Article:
“Thought you’d be in Cosmopolitan by now/ Thought you’d have the hottest legs through the turnstile.” The Good Fairy has at least given this reviewer a break, in the form of a strong lyricist who is gracious enough to provide the words to an album. That’d be one remarkably sardonic Mary Bue, with an ear for tight melody and a voice that, while not extraordinary, indeed gets the job done in distinctive fashion.
There’s a hint of Sarah McLachlan here, but Bue is by no means anybody’s copy cat. She’s definitely got her own way of doing things. And, for that matter, is more consistently on the mark than McLachlan, who when she hits is really on and when she misses is flat-out boring. There’s also a touch of Pieta Brown, only without the cloying self-consciousness. Bottom line, Mary Bue plies her craft with authority and a fresh presence.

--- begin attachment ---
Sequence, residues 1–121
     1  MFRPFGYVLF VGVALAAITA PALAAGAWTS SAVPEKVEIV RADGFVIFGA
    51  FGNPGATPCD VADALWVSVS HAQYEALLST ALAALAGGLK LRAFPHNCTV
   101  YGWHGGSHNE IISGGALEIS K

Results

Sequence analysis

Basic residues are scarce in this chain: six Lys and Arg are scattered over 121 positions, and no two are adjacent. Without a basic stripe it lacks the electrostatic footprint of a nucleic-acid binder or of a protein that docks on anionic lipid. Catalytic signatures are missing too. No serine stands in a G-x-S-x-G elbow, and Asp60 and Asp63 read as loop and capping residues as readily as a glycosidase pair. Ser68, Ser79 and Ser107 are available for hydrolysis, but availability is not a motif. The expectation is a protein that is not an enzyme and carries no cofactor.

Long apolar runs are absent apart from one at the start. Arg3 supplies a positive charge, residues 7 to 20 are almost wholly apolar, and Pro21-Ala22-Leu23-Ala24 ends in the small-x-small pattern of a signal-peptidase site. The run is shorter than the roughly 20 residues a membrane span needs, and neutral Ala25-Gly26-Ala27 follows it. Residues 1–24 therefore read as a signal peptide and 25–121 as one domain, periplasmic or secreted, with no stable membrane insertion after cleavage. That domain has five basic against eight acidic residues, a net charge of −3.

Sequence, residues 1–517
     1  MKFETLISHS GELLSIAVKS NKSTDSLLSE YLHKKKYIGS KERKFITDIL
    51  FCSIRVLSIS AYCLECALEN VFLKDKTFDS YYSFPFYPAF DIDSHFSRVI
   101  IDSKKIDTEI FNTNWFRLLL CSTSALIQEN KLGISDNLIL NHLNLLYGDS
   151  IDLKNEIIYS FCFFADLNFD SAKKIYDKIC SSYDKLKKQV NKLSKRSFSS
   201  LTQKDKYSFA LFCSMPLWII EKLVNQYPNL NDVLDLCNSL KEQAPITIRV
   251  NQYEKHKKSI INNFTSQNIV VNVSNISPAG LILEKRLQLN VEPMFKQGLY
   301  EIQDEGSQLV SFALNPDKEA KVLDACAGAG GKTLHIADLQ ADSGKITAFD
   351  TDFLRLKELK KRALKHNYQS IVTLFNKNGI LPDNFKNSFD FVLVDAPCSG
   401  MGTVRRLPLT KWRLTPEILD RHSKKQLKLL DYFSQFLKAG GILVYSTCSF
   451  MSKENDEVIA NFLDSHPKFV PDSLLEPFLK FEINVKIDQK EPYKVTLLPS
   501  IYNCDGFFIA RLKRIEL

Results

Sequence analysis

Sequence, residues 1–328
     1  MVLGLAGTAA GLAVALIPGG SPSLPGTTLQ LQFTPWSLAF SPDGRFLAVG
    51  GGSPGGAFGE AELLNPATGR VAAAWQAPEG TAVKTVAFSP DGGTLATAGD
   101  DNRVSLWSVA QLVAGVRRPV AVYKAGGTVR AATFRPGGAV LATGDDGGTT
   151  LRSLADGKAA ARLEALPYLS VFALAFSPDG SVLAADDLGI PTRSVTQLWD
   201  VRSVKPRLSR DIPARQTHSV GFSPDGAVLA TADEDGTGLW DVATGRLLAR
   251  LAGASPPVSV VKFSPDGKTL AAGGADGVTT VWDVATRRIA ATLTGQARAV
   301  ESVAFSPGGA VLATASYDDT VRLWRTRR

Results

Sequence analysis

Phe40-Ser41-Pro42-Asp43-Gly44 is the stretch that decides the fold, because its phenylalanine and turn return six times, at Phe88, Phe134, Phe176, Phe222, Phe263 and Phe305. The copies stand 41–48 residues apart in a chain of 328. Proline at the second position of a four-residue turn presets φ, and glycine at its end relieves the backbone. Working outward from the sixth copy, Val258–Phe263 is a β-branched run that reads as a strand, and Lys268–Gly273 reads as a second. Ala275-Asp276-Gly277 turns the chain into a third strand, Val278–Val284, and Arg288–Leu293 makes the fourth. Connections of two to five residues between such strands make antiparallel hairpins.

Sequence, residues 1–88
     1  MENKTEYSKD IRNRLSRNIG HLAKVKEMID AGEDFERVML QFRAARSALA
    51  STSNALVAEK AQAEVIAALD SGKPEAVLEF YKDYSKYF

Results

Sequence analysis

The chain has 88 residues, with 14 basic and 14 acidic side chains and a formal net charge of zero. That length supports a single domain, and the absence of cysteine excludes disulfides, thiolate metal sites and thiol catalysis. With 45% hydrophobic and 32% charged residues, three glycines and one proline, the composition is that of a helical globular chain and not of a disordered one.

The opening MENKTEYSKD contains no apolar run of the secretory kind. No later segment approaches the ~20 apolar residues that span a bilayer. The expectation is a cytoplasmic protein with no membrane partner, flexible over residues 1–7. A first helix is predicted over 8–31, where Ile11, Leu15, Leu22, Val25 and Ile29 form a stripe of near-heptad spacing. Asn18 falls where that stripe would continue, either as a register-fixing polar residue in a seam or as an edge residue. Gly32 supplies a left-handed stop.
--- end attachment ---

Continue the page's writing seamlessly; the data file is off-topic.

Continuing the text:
That quote is from “Cosmopolitan” off her new album Apple in the Ocean, which kicked off with a release thing at the Turf Club in St. Paul on August 19. It’s her fourth full-length disc, so by now she’s likely gained enough of following that the event went down just great.
“You can’t relate to your fellow peers/ They all look at you really weird/ and you think it’s rather queer/ and you wonder what you’re doing here/ and everyone you meet/ has their face on late night TV/ skinny chicks playing piano/ red-stained lips walking down the street.” That’s more from “Cosmopolitan,” a fine example of the CDs overall far-from-sentimental sensibility.
Even in the soft moments, Bue has a bitter way about her. Take “Mummies,” plaintively intoning, “Ghosts, only ghosts/ the lovers sit in empty rooms/ Storms have stormed/ Volcanoes blue/ and lovers mummified as spoons.” Quite a gift for imagery. She can also write pretty good existential poetry—no mean feat. For instance, “Maps and Calendars”: “Maps and calendars/ Aladdin’s lamps, man-handlers/ tickets and transfers/ we’re full of these desperate measures/ in no uncertain terms/ I’m a serious girl.”
The musicians are Bue on piano, Matt Mosley on bass, and Dave Frankenfeld on drums with Ida Jo on violin and a handful of guitar players (Bue on the song “Little Bird” with veteran notable Charlie Parr on slide) sitting in. It’s produced by Eric Swenson and Bue.